# Ionisation Energy of Hydrogen

1. Nov 21, 2009

### crays

Hi, i've a question that shows me a diagram for wavelength, there's 4 of them

11.1 x 106
10.5 x 106
9.7 x 106
8.4 x 106

then it asked me to determine the ionisation energy of hydrogen in KJ mol-1 by using the above spectrum.

From what i know
E = hf
f = c/lambda
lambda being the wavelength

The equation should be using the largest frequency so i should pick the shortest wavelength right? which is 8.4 x 106

But the calculation behind uses the value of 11.1 x 106 . Can anyone explain?

2. Nov 21, 2009

### drizzle

You know that the electron of a hydrogen atom has 13.6 eV less energy than a motionless electron infinitely far from the nucleus. Thus, the http://en.wikipedia.org/wiki/Ionization_energy" [Broken]needed to set this electron free is supposed to equal 13.6 eV or more but not less. So, among the wavelengths you've stated, which one would provide the sufficient energy needed to set it free?

Last edited by a moderator: May 4, 2017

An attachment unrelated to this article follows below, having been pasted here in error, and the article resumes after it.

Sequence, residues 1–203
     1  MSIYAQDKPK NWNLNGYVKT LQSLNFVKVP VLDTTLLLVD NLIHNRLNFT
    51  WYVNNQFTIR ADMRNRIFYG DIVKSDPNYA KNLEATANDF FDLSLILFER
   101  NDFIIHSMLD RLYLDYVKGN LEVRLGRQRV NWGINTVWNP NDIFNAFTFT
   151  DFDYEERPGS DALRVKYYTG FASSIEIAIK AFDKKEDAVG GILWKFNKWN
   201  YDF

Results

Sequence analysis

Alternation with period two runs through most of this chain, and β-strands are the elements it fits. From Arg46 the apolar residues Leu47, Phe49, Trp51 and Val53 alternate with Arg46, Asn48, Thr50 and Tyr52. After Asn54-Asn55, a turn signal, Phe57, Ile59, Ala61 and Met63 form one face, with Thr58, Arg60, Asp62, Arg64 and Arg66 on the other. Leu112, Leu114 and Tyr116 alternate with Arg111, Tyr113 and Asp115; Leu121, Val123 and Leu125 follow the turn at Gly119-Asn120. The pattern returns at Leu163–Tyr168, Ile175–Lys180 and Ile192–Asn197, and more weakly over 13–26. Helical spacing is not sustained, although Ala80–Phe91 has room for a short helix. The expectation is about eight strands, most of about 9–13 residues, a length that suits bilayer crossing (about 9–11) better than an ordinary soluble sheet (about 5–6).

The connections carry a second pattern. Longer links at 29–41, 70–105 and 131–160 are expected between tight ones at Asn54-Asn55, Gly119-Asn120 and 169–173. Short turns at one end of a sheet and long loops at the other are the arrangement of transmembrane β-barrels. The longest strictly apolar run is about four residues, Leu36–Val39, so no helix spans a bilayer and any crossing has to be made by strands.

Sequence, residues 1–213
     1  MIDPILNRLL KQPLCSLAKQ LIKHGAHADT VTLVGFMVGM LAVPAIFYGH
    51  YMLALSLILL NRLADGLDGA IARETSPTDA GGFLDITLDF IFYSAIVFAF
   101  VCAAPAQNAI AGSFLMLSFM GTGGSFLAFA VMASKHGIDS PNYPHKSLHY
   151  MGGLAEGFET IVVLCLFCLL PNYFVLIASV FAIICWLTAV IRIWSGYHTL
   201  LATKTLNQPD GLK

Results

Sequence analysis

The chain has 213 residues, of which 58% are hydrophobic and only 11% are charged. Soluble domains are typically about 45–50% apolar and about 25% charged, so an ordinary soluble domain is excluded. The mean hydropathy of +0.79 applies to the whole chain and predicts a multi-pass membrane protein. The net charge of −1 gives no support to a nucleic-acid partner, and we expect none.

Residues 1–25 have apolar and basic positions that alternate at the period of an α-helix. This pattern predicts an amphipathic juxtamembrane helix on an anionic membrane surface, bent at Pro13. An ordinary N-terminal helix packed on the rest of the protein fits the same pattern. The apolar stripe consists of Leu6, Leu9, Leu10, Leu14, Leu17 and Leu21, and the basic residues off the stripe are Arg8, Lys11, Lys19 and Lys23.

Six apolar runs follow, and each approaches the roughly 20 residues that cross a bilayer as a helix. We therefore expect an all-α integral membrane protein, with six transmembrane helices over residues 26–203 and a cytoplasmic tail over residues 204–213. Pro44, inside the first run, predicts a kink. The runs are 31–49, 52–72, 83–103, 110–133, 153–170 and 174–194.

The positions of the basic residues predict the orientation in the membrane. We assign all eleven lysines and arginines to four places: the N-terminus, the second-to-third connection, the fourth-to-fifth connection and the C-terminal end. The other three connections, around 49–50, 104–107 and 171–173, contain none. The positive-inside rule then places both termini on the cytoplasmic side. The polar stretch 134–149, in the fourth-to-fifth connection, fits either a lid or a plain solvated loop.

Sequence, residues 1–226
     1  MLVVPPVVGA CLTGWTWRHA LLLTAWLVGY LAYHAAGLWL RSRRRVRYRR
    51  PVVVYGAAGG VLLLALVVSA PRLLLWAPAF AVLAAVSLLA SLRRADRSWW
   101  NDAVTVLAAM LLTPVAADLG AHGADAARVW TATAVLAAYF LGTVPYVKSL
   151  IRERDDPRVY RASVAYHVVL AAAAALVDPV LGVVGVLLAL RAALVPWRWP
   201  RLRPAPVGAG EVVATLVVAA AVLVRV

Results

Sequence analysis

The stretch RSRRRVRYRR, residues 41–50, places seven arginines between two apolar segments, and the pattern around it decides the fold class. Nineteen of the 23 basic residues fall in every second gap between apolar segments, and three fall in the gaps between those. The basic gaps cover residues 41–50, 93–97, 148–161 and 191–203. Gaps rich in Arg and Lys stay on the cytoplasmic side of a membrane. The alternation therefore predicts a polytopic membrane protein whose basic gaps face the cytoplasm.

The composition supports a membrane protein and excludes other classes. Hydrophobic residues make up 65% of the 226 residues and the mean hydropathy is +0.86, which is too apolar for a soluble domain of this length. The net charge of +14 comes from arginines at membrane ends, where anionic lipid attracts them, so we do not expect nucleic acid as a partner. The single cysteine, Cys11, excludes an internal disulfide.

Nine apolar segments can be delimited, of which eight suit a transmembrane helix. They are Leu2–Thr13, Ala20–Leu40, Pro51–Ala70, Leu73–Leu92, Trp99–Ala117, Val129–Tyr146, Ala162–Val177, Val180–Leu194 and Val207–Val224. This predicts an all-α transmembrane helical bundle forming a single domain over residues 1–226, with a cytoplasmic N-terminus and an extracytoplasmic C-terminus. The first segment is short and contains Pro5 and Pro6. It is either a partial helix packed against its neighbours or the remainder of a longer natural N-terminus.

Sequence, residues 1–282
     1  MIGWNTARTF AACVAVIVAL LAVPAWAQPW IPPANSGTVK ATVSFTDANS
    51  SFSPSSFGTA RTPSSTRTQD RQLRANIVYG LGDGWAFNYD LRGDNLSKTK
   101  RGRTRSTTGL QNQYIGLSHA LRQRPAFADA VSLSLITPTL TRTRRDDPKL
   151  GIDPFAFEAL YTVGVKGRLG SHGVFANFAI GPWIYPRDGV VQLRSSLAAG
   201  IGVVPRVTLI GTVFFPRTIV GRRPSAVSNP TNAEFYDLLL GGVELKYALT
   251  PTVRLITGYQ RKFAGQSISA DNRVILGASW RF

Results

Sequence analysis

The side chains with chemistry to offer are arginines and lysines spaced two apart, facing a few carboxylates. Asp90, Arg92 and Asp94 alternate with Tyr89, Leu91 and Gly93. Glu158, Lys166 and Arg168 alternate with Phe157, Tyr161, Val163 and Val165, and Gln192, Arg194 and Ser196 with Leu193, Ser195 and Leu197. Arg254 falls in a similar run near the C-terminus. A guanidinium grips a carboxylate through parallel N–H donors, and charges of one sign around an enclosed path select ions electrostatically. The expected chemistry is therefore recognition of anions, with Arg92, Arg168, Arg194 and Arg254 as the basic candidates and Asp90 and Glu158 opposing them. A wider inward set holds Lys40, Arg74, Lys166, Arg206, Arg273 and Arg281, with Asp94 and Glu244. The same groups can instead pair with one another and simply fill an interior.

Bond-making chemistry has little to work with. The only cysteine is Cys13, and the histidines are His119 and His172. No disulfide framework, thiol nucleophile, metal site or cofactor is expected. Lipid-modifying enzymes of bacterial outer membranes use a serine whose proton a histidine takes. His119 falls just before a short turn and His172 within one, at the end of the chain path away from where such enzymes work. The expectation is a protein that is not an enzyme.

3. Nov 21, 2009

### chemisttree

What are the units for wavelength?

4. Nov 21, 2009

### drizzle

I think these numbers are to the power of -6!

5. Nov 22, 2009

### Redbelly98

Staff Emeritus
Good question. crays, can you tell us what units are used for wavelength in the problem statement.

This does not answer the question about units, but if it's true than we need crays to clarify whether the exponents are +6 or -6.

6. Nov 22, 2009

### drizzle

I wasn't answering chemisttree's Q, but I think it's meters in this case, probably.

7. Nov 23, 2009

### crays

So sorry for the late reply, it is written

wave number, v (x 106 m-1) by m-1 i assume it is wave length.

From my book it says that frequency is equals to c/lambda but not proportional to. Clarification please. cause if its wavelength, it should be h x 1/wavelength x c.

8. Nov 23, 2009

### Redbelly98

Staff Emeritus
Wave number is 1/λ, i.e. the reciprocal of the wavelength. That is why the units are m-1 instead of m.

The frequency is simply c·(1/λ), or c-times-wavenumber. Hence the largest frequency goes with the largest wavenumber, 11.1 x 106 m-1.

EDIT:
The frequency is c/λ. The photon energy is hc/λ = h x frequency.

If you examine the units in h, c, and λ, you'll find the expressions in the above paragraph work out to s-1 for frequency and J for energy, just as they should.

9. Nov 23, 2009

### crays

Thanks alot for clarification and the help :)